Use this tool:
To make it efficient, don’t run a backlink check on all top 10 results on all your keywords.
1- Select a small cloud of keywords based on the Adwords Tool analysis of local and global demand (take the “Competition” column as a valuable indicator), and also (very very important) on the basis of your “long tail”.
[A friend of mine shot a couple of videos of me teaching classes on the meaning of ‘long tail’ and ‘long tail keywords’. I’ll post the links later.]
2- Take the top 3 dogs in Page 1. Run a backlink check. Don’t run the check if these are obvious players: CNN is an obvious player. A .gov site is an obvious player. Wikipedia is an obvious player. Universities are obvious players. Analyze the top 3 players that are not downright obvious.
3- Take the last 2 results in Page 1 and run a backlink check.
4- Compare the figures:
a- Is there a big difference between the link numbers at the top and the link numbers at the bottom? (E.g., 2-3-4 times more links at the top than at the bottom when the average number of links exceeds 500)
If you observe a very large difference, link number is a determining factor in the rankings. In this case, ask yourself: do we have a chance beat the #9 and the #10 results?
b- Is there big differences in link numbers between each site of the 2 groups — top group and bottom group. (E.g. #1 has 20,000 links, #2 has 600 links. And #9 has 150 links, #10 has 50 links.)
If you observe big differences in link numbers between sites in each group (again, compare the sites within a group, not the 2 groups together), link numbers are not the only important ranking factor. In this case, ask yourself: do we have a chance to beat #3 or #2? (The order of magnitude of the link numbers will also tell you how difficult this will be).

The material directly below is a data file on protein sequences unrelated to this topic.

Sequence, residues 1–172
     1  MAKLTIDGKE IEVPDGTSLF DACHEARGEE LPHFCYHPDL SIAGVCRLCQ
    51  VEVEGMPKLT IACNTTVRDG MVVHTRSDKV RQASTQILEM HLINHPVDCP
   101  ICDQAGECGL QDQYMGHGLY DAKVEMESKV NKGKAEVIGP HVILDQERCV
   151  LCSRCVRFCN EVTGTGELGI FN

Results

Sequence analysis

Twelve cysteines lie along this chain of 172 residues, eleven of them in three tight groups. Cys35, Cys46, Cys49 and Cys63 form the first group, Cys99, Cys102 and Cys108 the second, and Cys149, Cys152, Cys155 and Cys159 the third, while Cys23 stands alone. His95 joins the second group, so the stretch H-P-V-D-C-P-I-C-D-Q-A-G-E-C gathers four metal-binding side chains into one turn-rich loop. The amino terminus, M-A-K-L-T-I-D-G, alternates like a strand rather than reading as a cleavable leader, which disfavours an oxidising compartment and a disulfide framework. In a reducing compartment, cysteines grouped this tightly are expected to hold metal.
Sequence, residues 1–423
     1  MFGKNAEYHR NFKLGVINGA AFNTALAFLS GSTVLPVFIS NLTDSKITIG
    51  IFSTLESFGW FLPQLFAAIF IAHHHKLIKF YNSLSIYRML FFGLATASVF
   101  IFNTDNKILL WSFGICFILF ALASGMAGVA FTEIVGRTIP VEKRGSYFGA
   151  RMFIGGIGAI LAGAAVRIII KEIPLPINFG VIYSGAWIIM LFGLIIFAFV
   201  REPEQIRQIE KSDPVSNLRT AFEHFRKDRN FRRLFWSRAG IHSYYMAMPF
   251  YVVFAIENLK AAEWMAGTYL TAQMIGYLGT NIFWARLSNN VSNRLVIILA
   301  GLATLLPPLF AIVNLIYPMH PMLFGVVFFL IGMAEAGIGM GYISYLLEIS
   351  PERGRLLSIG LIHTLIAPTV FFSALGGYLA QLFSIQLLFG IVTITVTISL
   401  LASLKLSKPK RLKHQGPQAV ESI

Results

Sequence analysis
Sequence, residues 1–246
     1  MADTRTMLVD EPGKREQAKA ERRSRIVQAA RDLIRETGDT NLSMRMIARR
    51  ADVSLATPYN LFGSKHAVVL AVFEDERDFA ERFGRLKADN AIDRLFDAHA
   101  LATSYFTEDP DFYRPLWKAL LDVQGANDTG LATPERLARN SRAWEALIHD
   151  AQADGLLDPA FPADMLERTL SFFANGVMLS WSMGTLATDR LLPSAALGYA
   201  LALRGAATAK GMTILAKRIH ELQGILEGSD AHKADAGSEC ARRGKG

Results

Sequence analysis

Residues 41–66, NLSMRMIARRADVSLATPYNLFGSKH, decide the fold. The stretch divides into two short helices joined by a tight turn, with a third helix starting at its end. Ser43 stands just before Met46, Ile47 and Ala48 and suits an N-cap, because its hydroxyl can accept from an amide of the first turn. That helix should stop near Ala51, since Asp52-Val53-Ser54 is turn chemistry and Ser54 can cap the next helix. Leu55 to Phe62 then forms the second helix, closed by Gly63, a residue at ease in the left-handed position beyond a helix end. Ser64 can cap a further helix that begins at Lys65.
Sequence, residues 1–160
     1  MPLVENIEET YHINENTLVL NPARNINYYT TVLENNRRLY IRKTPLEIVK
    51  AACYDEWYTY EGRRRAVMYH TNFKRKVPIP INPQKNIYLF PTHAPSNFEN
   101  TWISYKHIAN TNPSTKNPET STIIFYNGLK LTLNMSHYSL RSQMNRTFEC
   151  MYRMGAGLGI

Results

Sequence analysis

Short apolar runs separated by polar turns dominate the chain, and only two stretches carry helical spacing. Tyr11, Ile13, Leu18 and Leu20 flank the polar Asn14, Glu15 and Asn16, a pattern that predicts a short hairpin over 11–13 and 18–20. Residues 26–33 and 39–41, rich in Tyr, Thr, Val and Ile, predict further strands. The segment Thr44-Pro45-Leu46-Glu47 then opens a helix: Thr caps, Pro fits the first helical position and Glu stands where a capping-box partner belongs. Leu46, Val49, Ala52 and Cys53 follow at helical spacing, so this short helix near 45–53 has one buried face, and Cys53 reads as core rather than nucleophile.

c- Is there a relatively even distribution of links between the top results and the bottom results in page 1? (E.g. #1 has 1000 links, #2 has 1300 links, #3 has 900 links, #9 has 400 links, #10 has 540 links.)
In this fake example, you can see that the number of links is not the only factor (it’s a very common case). Link quality plays a strong role — otherwise, #2 would be #1, and #10 would be #9.
More importantly, you see that there is a relatively natural decrease in the link numbers between the top and bottom results. This indicates that link numbers are the prime factor in SEOing for this page.
Our next question is: “How hard will it be to reach the number of links necessary to beat #10?” And of course, link quality will really be important to beat all these sites.
Run this procedure when you decide which keywords to rank for, especially on “short tail” keywords (high demand KW, usually expressed in very few words).
This is usually less important for “long tail” keywords (low demand, super-specialized keywords, sometimes expressed in very few words, sometimes in longer chains of keywords).
To your success!
Copyright (c) 2012 Phil Chavanne – Author